New York Gov. Andrew Cuomo (D-NY) on Wednesday attempted to shift blame for his state’s nursing home coronavirus deaths on to President Trump, saying he was merely following guidance from the Centers for Disease Control and Prevention (CDC).
Cuomo has received harsh criticism for a now-reversed March 25 directive regarding nursing homes, which reads: “No resident [of a nursing home] shall be denied re-admission or admission to the NH [nursing home] solely based on a confirmed or suspected diagnosis of COVID-19. NHs are prohibited from requiring a hospitalized resident who is determined medically stable to be tested for COVID-19 prior to admission or readmission.”
This week, Rep. Elise Stefanik (R-NY) called for a federal investigation into Cuomo and his administration over the handling of this nursing home policy.
As of Tuesday, over 5,800 nursing home and adult care facility residents have died from the illness.
A partial transcript is as follows:
REPORTER #1: There is a call for a federal probe into how the state handled the nursing home situation, specifically the March executive order allowing COVID-positive patients back into the nursing homes. In reflecting on those comments, I was wondering why was that executive order made at the time?
GOV. ANDREW CUOMO: Look, this is a political season, I get it. I have refrained from politics. I’m not going to get into the political back and forth, but anyone who wants to ask why did the state do that with COVID patients and nursing home, it’s because the state followed President Trump’s CDC guidance. So they should ask President Trump. I think that will stop the conversation.
QUESTION: Are you fudging the numbers? Because that’s the accusation that you’re facing, that you are changing the numbers to make—
GOV. CUOMO: —Let’s do one at a time. Your first point, why did the state do that? Because the state followed president Trump’s CDC guidance, okay? That’s that answer. No numbers were changed.
REPORTER #2: But governor, you’ve shown a willingness to thwart president Trump at other times. Why on that March 25th memo did you not thwart him? Why did you follow CDC guidance? And do you regret that?
GOV. CUOMO: No, not at all.
REPORTER #2: I mean, considering the death toll?
GOV. CUOMO: Well, you have to remember the facts. I know you’re the New York Times, but facts are still facts, right? Even at the Times, okay? Here are the facts. The CDC guidance said a nursing home cannot discriminate against the COVID patient because, at that time, the issue was hospital capacity, right? Remember the hospital capacity? And we were dramatically increasing hospital capacity.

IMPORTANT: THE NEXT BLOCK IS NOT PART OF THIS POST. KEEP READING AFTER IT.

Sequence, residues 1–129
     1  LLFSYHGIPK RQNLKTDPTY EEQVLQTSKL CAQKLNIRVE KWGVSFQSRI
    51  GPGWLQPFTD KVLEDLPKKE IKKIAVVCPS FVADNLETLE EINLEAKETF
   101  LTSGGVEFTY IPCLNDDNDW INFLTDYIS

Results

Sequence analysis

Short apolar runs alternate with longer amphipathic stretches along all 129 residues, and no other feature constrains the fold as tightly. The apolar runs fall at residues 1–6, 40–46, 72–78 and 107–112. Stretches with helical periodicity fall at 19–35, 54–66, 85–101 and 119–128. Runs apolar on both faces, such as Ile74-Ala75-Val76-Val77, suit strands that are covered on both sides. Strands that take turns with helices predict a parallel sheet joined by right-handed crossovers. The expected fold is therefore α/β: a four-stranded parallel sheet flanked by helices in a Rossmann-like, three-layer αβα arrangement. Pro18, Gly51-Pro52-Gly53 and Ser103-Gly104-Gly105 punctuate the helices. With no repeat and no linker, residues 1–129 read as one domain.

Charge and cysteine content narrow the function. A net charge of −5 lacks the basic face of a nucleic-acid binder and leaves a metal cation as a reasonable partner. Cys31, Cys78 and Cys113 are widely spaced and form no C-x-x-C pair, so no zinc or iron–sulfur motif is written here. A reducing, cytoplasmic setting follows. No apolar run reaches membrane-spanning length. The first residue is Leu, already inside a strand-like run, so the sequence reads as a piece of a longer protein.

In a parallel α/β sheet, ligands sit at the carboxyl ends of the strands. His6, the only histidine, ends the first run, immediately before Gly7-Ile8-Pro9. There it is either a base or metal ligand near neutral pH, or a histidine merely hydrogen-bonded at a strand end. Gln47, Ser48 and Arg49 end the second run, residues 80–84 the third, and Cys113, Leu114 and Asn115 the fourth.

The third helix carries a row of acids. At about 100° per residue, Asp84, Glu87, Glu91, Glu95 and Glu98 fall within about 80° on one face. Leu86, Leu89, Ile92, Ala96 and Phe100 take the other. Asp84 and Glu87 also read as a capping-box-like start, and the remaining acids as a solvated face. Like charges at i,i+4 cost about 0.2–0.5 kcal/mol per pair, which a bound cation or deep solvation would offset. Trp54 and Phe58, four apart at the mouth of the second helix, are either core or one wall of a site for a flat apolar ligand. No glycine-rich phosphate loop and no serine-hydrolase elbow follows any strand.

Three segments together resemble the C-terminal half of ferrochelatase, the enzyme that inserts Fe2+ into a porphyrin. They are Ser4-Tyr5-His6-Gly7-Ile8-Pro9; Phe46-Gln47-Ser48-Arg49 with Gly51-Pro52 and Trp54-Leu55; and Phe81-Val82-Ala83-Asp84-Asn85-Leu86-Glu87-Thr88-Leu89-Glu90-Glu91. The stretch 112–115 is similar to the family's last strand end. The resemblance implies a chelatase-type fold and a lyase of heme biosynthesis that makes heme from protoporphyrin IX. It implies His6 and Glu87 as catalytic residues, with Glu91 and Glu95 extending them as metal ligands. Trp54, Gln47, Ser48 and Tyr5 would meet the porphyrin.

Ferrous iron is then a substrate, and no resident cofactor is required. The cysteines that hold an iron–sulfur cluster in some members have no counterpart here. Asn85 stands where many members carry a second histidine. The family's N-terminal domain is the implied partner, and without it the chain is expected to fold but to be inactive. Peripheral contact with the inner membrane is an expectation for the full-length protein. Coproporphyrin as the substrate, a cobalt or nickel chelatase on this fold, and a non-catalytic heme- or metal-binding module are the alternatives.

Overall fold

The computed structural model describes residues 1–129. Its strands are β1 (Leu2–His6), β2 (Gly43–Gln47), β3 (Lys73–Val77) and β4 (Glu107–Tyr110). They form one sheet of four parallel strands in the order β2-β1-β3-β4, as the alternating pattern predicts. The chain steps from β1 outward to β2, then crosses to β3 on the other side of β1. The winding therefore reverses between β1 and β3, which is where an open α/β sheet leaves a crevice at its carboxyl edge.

If a person doesn’t need an urgent care bed in a hospital because they are not urgently ill and they have—it can take two weeks to test negative when you’re no longer urgently ill, is the best use of a hospital bed to have somebody sit there for two weeks in a hospital bed when they don’t need the hospital bed because they are not urgently ill, they’re just waiting to test negative on the antibody test, which can take two weeks, and you need that hospital bed for somebody, who may die without it. The second fact, a nursing home cannot accept a patient who they are not qualified to handle.
For a COVID patient, a nursing home must say “I can quarantine, I can isolate, I have the right staff, I have the right PPE,” or else that nursing home should not take that patient and, the third point, we always had alternative beds. Any nursing home that says “I can’t take that COVID patient,” for whatever reason, I don’t even care what the reason is, “I don’t have the staff, I don’t have the time, I’m overstressed, I don’t have the PPE,” we always have alternative beds. We have had alternative beds all throughout this. We never got to a place where we were bumping up against the capacity. So any nursing home could just say, “I can’t handle a COVID person in my facility.”